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Adoption Blog: Inconceivable Family
Dark Emotions Post Adoption
It’s been well documented that most people travel through certain stages before they are really ready to adopt. If you are moving from infertility to adoption, those stages are dramatic and emotional. I think my husband and I lingered in every stage a bit longer than the typical adoptive couple. Sometimes I think I’m addicted my own emotions. I tend to wallow in them until I can’t breath.
Little is written about the stages of grief after adoption… yep, I wrote grief… grief after adoption. They are real and let me tell you that, if I had a nice time lathering myself up in the denial, anger, and despair of post-infertility blues, I got good and drunk off of post-adoption stress. Each day was like a 24-hour bar where the cocktail on special changed from resentment, to inadequacy, to denial… too many emotions to count.
The first wave came when we met our daughter for the first time. People we had met told us, “You’ll just fall in love at first sight” or “Once you see her it will all just fall into place.” Wow, were they wrong. For a number of reasons, the moment when we met Anna was one of the most difficult in my life. Walking into the room, meeting her birth mother, having the baby placed in my arms… ugh, I think of it now and I feel sick to my stomach.
I was riddled with guilt for having this, the most important moment in my life, be a day that her birth mom would remember as so sad for herself. There was little happiness for me because I was overwhelmed with what I thought I “should do.” Should I hug the birth mother? Should I talk about how happy I was? Should I say “thank you?” It all seemed too practiced and not enough. I was confused, exhausted, and filled with so many conflicting emotions. The idea that I’d fall in love at first sight was so far from down in the Pandora’s box of emotions, I just couldn’t grasp it.
Following this came a long period of denial. I refused to believe that this baby was going to be ours. I had separated myself from seeing her as a real human being who would be our daughter so much that the love I should have/could have felt was impossible to achieve. I didn’t want to be hurt. And after 6 years of hurt, I couldn’t let myself feel anything for her. I even told our counselor that I didn’t know if I would parent her. Nothing I was feeling was parental. Nothing in my heart felt natural for how a mom should feel when meeting her daughter. It was painful and heartbreaking… all the emotions I was trying to protect myself from feeling I was now bringing on myself.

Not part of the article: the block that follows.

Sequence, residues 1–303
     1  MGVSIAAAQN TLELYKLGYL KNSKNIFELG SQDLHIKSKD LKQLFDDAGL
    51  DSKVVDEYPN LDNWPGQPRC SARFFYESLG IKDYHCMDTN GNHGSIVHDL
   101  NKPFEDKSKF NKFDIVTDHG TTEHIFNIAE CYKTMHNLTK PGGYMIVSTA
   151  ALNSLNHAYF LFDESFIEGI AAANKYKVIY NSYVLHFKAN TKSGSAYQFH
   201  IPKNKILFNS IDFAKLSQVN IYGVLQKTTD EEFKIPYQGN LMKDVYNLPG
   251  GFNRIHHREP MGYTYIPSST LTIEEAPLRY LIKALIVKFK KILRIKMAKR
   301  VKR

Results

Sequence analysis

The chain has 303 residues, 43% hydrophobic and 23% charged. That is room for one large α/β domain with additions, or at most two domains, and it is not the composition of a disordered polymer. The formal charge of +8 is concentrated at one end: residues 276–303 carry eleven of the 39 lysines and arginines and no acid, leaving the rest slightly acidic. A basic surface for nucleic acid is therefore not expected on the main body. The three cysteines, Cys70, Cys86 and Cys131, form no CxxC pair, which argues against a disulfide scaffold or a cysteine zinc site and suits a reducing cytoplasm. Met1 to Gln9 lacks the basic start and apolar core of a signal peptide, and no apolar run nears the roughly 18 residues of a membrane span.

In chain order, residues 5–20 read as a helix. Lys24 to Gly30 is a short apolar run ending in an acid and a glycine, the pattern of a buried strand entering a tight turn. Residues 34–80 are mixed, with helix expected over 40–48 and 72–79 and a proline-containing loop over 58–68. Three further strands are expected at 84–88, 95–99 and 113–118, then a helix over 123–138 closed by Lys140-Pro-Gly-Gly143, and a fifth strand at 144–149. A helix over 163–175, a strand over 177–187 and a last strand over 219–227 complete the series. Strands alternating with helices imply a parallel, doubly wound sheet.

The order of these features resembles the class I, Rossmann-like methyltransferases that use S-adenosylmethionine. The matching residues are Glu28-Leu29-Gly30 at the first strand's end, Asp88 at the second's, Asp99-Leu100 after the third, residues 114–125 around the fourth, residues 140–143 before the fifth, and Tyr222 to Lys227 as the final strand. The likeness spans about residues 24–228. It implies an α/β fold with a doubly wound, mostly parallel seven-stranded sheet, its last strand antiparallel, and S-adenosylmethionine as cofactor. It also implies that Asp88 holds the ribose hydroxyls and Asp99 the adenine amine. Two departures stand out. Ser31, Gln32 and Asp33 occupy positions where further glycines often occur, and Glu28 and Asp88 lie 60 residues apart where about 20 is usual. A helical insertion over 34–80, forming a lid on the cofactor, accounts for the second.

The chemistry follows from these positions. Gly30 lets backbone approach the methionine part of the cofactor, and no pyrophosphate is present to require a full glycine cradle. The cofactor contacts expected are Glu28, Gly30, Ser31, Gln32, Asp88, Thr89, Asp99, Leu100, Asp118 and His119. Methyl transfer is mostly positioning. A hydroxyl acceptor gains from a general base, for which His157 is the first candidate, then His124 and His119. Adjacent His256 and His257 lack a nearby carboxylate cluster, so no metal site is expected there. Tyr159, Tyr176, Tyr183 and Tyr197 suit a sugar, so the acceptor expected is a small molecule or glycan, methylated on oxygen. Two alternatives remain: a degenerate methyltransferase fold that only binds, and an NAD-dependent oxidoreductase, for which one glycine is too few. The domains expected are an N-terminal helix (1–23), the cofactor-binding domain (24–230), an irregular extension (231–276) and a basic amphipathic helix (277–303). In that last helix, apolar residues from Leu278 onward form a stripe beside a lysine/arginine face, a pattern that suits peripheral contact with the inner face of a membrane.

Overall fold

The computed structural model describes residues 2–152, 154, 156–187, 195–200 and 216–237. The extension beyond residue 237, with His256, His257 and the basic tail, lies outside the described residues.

The day that Anna was to be discharged brought another series of emotions to tackle. There was the possibility that her birth mother would not proceed with the adoption plan. Suddenly I wanted to grab Anna and run. I felt protective of her and I began to love her as I had imagined I would. I was scared and felt karma had brought this ironic twist because I had doubted my own emotions the night that we met. It was dreadful, a nightmare of hours when the questions in my mind and heart were battling with the reality of our situation.
Enter the beginning of our medical concerns for Anna. Only hours after the birth mother left the hospital and Anna was supposed to be packed up in her car seat, she vomited violently. It wasn’t the spit up of a typical baby. In fact, we would learn that it was the same vomiting that occurred the entire night before. We would also learn that Anna was not going to be coming home with us. She was going to sent to the NICU and she would be given a feeding tube. Suddenly a new emotion bubbled up. Inadequacy. Could I do this? Could I parent a baby with needs that we hadn’t foreseen? We had spent over $100,000 on infertility treatments and now were faced with who knows how much money in medical expenses…. money we simply did not have. How could we give her what she needed if we didn’t have it? It wasn’t just the money that I felt inadequate about, it was the ability to care for a baby with certain specific needs. I was a teacher for over a decade and I knew well how parents of children with needs dedicated their lives to those kids. I just didn’t know if I could be one of them. This baby deserved parents who didn’t question their ability to parent, and yet here I was doing just that.
The emotions of adoption don’t end here. They continue to this day. On a regular basis I can feel a mix of inadequacy and guilt. But I also feel something else; I am in awe of my fortune. I love this child beyond words and time. I cannot imagine that I am the same person who experienced all of what has been written. Often I am embarrassed by my own insecurities. I cannot believe I ever questioned my ability to love or parent this child and yet, as I would learn later, these emotions are not exclusive to adoption. When I gave birth nine months later, and the nurse said, “your daughter is here” I looked for Anna.
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Jenna NadeauNew Hampshire
I have recently adopted or am adopting from...
Recent Adoption Blog Comments
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